Dobzhansky

Dobzhansky

Theodosius Dobzhansky (1900-1975) 

I have said many times that the subject of my basic idea is the species Homo sapiens species. That was my first intuition, to consider that it is Man, with a capital letter, who has the obligation to try his own survival. The Man composed by the living men in each moment. The men who make up the human race right now, when I'm writing and when you're reading me. You, dear reader are one of those compelled living beings. Obligation that, normally, you are fulfilling even if you have not noticed. And for that it is that you are happy.

This idea is the one that "shocks" the most philosophers, theologians and "organismic" biologists, who are the usual ones. That's why I was very happy to discover three great evolutionary biologists. In Survival. Ideas for a Universal Ethics (Corral, 2015) are the original notes that I wrote about the first two. In the Blog of the website is the one of Ernst Mayr. A pity that the three have died, although not long ago. I summarize and comment on some of their ideas.

I discovered Dobzhansky, Ukrainian and Orthodox Christian in June 2014 and it was one of my greatest joys. He is one of the most illustrious founders of the synthetic theory of evolution with Stebbins and Mayr. And I enjoyed his ideas in the most expensive book I have ever bought: Evolution (Dobzhansky, Ayala, Stebbins and Valentine, 2009). It deals with species as evolutionary systems. And among his many technical considerations of geneticist says, superficially, our two basic ideas. But without fully realizing the importance of what he says. It was soon and he was saying other very important things. He was putting one more step on the scale of knowledge of our evolution as living beings. Step that now serves to us to contrast and see better our hypotheses.

 I quote widely, from Evolution, the most significant to them:

Regarding the mandate or vital imperative. Says on page 97:

"The structure, function and behavior of each species are adapted to their particular way of life."

"Living beings seem inventions designed with the objective of their survival and reproduction."

"Living beings have an internal or natural teleology."

"The origin of organic adaptation or internal teleology is a fundamental problem, perhaps the most fundamental of biology." 

His ideas are geneticist and referred to individual organisms, but it is clear that he is saying that living beings have something within them that drives them to survive and reproduce, however and primarily. And that the object, origin, or biological cause of this impulse, remains a fundamental problem. But internal teleology, the basic mandate or cause, exist. It seems that they must exist since their effects exist and are clear.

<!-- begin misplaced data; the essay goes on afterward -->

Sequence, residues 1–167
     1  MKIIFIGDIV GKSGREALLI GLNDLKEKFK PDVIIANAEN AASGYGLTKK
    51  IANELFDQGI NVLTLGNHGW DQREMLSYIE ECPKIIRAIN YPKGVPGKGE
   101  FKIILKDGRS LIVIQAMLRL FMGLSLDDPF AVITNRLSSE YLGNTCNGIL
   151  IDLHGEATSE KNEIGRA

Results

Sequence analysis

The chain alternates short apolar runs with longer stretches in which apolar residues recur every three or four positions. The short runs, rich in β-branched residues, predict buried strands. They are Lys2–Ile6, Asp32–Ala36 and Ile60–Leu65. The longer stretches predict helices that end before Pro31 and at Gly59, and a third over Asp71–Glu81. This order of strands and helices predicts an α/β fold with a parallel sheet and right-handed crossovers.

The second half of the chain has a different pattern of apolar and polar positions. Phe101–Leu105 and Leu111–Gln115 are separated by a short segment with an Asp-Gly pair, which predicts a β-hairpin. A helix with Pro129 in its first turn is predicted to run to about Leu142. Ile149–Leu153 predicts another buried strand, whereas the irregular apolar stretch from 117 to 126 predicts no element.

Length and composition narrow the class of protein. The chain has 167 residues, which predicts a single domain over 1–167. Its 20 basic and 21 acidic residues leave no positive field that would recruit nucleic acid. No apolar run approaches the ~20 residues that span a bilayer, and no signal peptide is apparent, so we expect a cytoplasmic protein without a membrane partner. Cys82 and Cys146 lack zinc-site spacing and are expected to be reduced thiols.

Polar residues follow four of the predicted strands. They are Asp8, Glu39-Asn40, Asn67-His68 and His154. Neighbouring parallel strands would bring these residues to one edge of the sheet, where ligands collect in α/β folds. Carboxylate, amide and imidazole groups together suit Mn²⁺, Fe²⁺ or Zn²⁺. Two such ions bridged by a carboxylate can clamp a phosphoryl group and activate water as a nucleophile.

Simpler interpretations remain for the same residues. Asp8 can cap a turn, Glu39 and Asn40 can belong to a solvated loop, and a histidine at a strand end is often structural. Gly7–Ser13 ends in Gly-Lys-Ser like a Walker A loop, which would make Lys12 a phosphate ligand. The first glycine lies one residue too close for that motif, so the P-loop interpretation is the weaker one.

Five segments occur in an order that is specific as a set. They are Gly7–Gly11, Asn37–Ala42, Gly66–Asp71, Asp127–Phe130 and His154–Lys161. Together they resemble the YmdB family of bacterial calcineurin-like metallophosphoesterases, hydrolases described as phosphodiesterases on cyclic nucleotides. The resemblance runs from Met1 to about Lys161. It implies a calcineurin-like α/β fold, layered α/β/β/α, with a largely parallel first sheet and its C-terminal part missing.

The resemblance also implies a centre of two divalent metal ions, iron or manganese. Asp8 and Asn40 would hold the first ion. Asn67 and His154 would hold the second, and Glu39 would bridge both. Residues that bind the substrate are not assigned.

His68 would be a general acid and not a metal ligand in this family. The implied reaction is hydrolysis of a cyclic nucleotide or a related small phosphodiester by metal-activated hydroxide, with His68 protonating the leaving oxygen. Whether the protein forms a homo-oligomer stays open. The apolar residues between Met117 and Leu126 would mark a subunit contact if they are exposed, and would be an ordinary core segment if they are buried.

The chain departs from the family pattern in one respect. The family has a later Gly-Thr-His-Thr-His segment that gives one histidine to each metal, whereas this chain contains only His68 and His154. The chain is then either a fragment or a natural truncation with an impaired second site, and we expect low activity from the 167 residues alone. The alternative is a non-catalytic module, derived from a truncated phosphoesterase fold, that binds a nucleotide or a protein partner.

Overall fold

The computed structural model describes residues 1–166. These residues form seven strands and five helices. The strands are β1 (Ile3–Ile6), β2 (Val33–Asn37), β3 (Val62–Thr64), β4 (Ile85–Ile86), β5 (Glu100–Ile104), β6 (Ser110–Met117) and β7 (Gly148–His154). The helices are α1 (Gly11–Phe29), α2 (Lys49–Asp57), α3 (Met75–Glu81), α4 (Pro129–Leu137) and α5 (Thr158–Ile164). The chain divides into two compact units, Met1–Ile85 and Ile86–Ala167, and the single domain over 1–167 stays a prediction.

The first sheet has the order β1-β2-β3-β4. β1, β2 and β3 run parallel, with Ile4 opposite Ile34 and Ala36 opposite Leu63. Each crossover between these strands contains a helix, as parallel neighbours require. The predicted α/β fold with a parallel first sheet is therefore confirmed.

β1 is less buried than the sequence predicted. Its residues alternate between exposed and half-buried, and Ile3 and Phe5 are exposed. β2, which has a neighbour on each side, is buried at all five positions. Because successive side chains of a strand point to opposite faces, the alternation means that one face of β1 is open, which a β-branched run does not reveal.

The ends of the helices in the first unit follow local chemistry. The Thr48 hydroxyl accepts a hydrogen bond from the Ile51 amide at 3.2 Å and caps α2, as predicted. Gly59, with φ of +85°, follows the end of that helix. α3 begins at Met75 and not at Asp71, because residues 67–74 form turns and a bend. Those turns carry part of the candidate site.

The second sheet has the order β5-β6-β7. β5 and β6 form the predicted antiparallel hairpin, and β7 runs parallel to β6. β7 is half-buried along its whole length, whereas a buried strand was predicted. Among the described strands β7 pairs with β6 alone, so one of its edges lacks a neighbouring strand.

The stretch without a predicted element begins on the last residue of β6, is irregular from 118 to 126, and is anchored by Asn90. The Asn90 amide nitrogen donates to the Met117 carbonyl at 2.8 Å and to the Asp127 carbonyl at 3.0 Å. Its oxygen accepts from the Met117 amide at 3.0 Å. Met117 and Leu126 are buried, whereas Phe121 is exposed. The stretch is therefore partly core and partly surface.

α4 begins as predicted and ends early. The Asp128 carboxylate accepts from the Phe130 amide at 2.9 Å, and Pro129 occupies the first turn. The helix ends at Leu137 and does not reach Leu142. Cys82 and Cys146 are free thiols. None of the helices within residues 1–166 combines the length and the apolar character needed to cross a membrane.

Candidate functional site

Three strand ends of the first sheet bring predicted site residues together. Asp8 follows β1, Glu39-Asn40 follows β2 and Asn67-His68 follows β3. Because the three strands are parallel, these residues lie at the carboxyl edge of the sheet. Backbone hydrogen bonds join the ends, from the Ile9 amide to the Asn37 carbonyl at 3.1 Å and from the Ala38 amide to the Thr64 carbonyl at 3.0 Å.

About the species says, among many other things: 

Page 126: "...it is necessary to ask whether in addition to natural selection at the individual level there may be a group selection, that is, selection of groups of individuals such as those of a Mendelian population"

Pgs.132-13: "A species with sexual reproduction constitutes a breeding community whose members are all connected by ties of couples, kinship or because they are descendants of common ancestors. The breeding community has a common set of genes. "

"The possession of a common set of genes makes a species with sexual reproduction and cross-fertilization a Mendelian population. More accurately, it is a set of subordinated Mendelian populations interconnected with one another through regular or occasional gene flow."

"The Mendelian population constitutes a form of supraindividual integration and ...on the other hand, a Mendelian population constitutes a supraindividual evolutionary system"

"In the human race, or in other species with sexual reproduction and cross-fertilization, there are no pure races or have ever existed." 

In this chapter he is trying to show that human races are not species. And to this he dedicates his efforts. But, to our effect, in this last paragraph confirms, by passing, something obvious to him: that the human race is a species with sexual reproduction. To which is therefore applicable what he has said above. Namely, that the species Homo sapiens species is system whose members are all connected. That is to say that our species is "a great family", with common genetic norms that originate common behaviors. Rules that have a common origin although we do not know which it is. And that we do not mind knowing because our idea is not based on the origin but on the common behavior of all species with sexual reproduction.

Although I may repeat it later, I can not resist quoting now three objections to our hypotheses:

The first one refers to the fact that our species is not a system or an operational subject because there is not yet a world government or someone to set the goal of survival and dictate the rules for it. I think it is clear that species are systems, from their origin, whatever this may be. Evolutionary and operative systems that, through their individual organisms and vice versa, have the vital objective of surviving and the imperative to try it. With the internal rules of behavior registered in each of its members in the proper language of each species.